Socialist Worker

1973: the student uprising that drove out the colonels in Greece

by Matthew Cookson
Issue No. 2132

A tank prepares to crash through the gates of Athens Polytechnic in 1973

A tank prepares to crash through the gates of Athens Polytechnic in 1973


One of the high points of resistance in Greece is the Athens Polytechnic uprising of 1973, which helped to sweep away the right wing dictatorship that ruled the country.

A coup by a military junta overthrew the Greek government in 1967. The West backed the colonels, who imposed an oppressive regime on the country.

The victory of dictatorship demoralised left wing forces in Greece. For six years there was little resistance to the colonels’ rule. But then students, influenced by the mass movements that broke out across the world in 1968, began to move.

Protests spread against the regime’s rigging of student elections. On 14 November 1973 students occupied Athens Polytechnic over this issue – and against the hated regime of the colonels.

At first the regime hesitated to unleash the police on the students. This allowed the occupation to become a rallying point for an uprising against the junta.

Thousands of workers and students from working class districts and schools flocked to the polytechnic to express their support for the students.

By the evening of 15 November, some 300,000 people had taken over the centre of Athens. The colonels’ regime was threatened – and they reacted with brutal force.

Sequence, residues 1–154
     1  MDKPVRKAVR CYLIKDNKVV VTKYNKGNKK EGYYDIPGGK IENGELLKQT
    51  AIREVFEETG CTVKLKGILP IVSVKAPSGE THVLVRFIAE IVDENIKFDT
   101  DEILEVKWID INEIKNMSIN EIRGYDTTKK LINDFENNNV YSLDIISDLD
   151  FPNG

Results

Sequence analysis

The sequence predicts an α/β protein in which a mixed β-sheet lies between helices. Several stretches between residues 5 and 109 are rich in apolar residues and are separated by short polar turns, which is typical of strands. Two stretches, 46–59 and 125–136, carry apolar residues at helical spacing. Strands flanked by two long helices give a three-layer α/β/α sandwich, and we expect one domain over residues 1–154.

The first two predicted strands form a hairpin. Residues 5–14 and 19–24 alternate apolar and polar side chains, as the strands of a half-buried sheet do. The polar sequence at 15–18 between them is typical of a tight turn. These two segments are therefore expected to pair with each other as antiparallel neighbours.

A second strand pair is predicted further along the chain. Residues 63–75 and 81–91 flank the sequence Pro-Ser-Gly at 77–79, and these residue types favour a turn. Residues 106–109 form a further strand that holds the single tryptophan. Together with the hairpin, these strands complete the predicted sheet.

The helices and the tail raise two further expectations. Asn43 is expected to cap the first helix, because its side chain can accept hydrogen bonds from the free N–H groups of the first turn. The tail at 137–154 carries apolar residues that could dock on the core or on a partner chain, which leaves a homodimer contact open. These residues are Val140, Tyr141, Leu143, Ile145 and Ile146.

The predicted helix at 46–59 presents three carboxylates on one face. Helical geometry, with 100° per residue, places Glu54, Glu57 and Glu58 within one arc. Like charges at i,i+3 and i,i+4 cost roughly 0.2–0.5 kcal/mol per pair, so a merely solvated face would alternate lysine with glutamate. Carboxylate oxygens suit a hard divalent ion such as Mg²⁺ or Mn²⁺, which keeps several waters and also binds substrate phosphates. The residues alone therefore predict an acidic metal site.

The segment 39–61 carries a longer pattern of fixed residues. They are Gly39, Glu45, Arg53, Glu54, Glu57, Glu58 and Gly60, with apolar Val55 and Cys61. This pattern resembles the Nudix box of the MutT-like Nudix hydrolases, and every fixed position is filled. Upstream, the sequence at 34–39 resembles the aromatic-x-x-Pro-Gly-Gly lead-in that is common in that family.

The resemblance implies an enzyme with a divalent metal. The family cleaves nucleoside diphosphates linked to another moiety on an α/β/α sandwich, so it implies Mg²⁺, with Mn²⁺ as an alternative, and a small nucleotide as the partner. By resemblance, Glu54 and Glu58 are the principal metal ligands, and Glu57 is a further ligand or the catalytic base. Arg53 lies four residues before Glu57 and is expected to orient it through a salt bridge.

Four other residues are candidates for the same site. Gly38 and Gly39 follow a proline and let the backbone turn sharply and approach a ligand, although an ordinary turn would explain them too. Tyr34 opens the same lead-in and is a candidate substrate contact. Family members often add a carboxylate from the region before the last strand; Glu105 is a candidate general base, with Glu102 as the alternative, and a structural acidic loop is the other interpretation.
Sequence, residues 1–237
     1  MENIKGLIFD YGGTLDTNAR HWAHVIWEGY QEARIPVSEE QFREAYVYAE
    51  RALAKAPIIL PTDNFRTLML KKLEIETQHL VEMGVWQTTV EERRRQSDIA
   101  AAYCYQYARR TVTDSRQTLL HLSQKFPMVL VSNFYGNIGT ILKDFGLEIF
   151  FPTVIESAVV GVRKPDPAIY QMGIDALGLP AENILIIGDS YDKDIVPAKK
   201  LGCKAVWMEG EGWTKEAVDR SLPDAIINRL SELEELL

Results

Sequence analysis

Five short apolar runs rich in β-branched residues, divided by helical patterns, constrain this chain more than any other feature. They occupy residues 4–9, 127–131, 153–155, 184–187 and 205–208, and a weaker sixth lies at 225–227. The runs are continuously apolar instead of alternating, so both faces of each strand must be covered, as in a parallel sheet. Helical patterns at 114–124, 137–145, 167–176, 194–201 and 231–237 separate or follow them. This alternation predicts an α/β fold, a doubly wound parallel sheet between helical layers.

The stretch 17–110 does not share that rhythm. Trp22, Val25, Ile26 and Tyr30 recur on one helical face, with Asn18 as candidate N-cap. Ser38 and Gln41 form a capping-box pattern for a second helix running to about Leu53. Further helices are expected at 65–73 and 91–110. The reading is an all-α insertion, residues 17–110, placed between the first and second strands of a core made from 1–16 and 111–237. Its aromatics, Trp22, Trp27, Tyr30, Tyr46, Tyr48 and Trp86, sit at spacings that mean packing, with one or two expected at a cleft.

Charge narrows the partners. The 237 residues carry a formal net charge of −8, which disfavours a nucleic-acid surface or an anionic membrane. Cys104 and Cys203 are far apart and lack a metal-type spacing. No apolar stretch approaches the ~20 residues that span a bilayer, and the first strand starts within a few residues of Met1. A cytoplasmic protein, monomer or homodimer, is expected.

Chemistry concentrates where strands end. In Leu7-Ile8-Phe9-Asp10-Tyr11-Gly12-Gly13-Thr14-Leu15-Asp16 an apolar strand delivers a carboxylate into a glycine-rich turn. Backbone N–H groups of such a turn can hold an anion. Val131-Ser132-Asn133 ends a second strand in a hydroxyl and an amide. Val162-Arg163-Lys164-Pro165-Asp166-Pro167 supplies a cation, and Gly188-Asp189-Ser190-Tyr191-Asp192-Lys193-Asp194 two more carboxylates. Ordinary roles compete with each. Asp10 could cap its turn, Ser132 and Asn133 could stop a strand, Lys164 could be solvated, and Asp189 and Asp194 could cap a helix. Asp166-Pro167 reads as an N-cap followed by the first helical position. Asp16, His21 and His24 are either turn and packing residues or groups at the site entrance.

Tanks, armoured vehicles and troops began to move through the streets of Athens late on 16 November, firing at demonstrators. Pitched battles followed – but the state’s military forces were too strong.

Eventually a tank smashed through the gates of the polytechnic at 3am on 17 November.

Troops murdered dozens of students. This repression quelled the immediate uprising – but the regime was mortally wounded.

It limped on for another eight months, but its 1974 attempt to invade Cyprus to try and build up Greece’s prestige would be its final act. The attempt to recruit for war was a disaster. It revealed the junta’s weakness and rival officers deposed the colonels and handed power to a civilian government.

This was not the end of the movement. Mass radicalisation continued to sweep the country.

Workers struck demanding better rights. There were many demonstrations against imperialism. Tens of thousands of people joined left wing parties.

The legacy of the polytechnic uprising still inspires Greek activists today.

One consequence of the uprising is that to this day the police and military are not allowed onto university campuses in Greece.


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